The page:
KBC Table Storage (Tables) and KBC File Storage (File Uploads) are heavily connected together.
KBC File Storage is technically a layer on top of the Amazon S3 service, and KBC Table
Storage is a layer on top of a database backend.
To upload a table, take the following steps:
Request a file upload from
KBC File Storage. You will be given a destination for the uploaded file on an S3 server.
Upload the file there. When the upload is finished, the data file will be available in the File Uploads section.
Initiate an asynchronous table import
from the uploaded file (use it as the dataFileId parameter) into the destination table.
The import is asynchronous, so the request only creates a job and you need to poll for its results.
The imported files must conform to the supported CSV format.
Exporting a table from Storage is analogous to its importing. First, data is asynchronously
Table Storage into File Uploads. Then you can request to download
the file, which will give you
access to an S3 server for the actual file download.
Manually Uploading a File
To upload a file to KBC File Storage, follow the instructions outlined in the
First create a file resource; to create a new file called
new-file.csv with 52 bytes, call:
Which will return a response similar to this:
The important parts are: id of the file, which will be needed later, the uploadParams.credentials node,
which gives you credentials to AWS S3 to upload your file, and
the key and bucket nodes, which define the target S3 destination as s3://bucket/key.
To upload the files to S3, you need an S3 client. There are a large number of clients available:
for example, use the
S3 AWS command line client.
Before using it, pass the credentials
by executing, for instance, the following commands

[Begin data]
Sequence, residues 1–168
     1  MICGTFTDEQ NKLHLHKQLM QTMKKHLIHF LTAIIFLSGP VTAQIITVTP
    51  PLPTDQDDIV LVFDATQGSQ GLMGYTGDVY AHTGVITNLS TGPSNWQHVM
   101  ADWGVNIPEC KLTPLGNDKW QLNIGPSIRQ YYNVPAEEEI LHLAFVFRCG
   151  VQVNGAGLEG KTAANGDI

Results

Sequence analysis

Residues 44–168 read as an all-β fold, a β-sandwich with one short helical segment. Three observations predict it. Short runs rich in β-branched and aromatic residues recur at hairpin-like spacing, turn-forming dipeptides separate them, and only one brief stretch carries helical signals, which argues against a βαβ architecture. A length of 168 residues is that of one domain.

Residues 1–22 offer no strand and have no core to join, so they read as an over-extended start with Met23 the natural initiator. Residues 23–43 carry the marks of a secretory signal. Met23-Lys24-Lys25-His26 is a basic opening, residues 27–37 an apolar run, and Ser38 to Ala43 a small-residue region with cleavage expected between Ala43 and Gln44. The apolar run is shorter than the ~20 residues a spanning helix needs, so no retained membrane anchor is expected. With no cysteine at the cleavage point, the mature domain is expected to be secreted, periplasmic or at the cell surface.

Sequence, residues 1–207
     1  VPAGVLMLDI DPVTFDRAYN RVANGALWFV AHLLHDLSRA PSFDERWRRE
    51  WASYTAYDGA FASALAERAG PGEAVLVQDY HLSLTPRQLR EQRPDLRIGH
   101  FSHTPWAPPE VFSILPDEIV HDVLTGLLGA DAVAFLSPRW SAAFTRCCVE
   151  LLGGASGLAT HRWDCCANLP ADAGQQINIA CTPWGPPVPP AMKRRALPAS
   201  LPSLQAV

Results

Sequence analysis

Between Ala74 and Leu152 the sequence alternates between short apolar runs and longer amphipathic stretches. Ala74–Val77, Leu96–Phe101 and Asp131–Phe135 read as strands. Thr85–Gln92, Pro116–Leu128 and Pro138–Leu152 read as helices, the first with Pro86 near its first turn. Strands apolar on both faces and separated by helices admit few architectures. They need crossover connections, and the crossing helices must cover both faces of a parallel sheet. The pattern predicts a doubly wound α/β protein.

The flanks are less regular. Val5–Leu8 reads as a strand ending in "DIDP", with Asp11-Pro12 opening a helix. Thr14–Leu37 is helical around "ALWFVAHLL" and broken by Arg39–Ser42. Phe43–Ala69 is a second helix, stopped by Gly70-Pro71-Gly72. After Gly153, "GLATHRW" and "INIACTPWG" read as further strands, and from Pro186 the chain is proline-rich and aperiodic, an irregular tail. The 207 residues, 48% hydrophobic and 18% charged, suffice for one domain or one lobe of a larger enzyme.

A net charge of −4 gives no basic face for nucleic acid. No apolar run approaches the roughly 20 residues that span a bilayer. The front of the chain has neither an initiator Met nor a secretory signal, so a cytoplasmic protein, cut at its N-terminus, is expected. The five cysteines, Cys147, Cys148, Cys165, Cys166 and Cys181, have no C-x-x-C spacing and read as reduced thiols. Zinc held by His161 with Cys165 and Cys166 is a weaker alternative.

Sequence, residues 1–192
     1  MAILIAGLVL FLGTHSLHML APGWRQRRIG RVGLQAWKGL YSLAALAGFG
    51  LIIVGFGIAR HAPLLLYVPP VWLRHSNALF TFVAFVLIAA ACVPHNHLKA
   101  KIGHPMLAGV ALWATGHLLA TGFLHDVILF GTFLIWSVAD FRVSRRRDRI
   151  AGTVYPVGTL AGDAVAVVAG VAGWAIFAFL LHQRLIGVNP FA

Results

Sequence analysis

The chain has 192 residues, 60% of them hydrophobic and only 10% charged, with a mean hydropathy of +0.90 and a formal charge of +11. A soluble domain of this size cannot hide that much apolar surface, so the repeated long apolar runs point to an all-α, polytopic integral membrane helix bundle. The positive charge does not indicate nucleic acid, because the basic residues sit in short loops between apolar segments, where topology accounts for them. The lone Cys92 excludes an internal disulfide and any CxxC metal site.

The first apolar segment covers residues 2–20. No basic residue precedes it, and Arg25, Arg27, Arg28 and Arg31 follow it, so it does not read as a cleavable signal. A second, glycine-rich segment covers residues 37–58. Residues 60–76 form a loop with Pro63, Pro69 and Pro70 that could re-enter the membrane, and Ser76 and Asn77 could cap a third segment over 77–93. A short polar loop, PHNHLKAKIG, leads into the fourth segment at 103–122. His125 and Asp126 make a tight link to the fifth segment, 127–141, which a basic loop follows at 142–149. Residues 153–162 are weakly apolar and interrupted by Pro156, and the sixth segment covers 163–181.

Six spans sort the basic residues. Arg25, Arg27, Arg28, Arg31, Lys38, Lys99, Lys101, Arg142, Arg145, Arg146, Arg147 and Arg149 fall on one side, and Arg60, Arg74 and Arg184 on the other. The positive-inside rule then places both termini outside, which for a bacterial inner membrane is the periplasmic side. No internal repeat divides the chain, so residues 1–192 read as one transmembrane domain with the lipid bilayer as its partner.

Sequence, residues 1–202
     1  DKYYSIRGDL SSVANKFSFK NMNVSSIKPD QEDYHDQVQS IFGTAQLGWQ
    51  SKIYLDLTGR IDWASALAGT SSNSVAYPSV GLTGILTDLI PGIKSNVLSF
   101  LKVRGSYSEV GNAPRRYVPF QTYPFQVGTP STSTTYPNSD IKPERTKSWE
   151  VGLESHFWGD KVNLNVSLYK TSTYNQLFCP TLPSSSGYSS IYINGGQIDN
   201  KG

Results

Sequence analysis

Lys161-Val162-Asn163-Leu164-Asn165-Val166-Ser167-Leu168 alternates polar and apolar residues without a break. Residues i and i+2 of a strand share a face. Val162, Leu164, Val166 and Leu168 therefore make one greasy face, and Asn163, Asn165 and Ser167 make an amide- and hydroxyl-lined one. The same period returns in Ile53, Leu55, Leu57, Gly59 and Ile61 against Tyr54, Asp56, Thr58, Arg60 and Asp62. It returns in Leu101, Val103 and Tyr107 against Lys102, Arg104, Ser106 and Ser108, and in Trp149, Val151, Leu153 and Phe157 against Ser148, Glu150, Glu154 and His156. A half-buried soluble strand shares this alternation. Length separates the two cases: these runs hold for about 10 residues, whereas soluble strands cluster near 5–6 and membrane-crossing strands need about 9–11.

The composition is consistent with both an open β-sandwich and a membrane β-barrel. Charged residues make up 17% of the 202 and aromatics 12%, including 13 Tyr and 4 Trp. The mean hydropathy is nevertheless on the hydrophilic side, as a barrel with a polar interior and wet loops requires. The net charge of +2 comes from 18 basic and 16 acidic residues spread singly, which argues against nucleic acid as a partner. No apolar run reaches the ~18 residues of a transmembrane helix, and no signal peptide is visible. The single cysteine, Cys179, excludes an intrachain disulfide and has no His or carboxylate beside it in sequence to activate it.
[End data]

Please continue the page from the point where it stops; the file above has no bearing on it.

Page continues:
on *nix systems:
or on Windows:
Then you can actually upload the new-table.csv file by executing the AWS S3 CLI cp command:
This will create an asynchronous job, importing data from the 192726698 file into the new-table destination table in the in.c-main bucket.
Then poll for the job results, or review its status in the UI.
The above process is implemented in the following example script in Python. This script uses the
Requests library for sending HTTP requests and
the Boto 3 library for working with Amazon S3. Both libraries can be
installed using pip:
Upload Files Using HTTP
In case you need to avoid using an S3 client, it is also possible to upload the files by
a simple HTTP request. To do so, create a new file, but set the federationToken to false:
The above will return a response similar to this:
Now use the information in the response to upload the file to s3. All necessary information is stored
in the uploadParams response property. You can upload the file by doing an HTTP POST to the url you obtain
in the response:
The last --form parameter must be the actual file you want to upload; the value must be
prefixed by the @ character. Note that this upload method sends the entire file in a single
HTTP request and may therefore suffer from timeouts, especially for large files.
Also, this type of file upload is not supported for the eu-central-1 and ap-northeast-2 regions.
We generally recommend using the approach with the federationToken token as
it is more reliable and universal.
Table Importer Service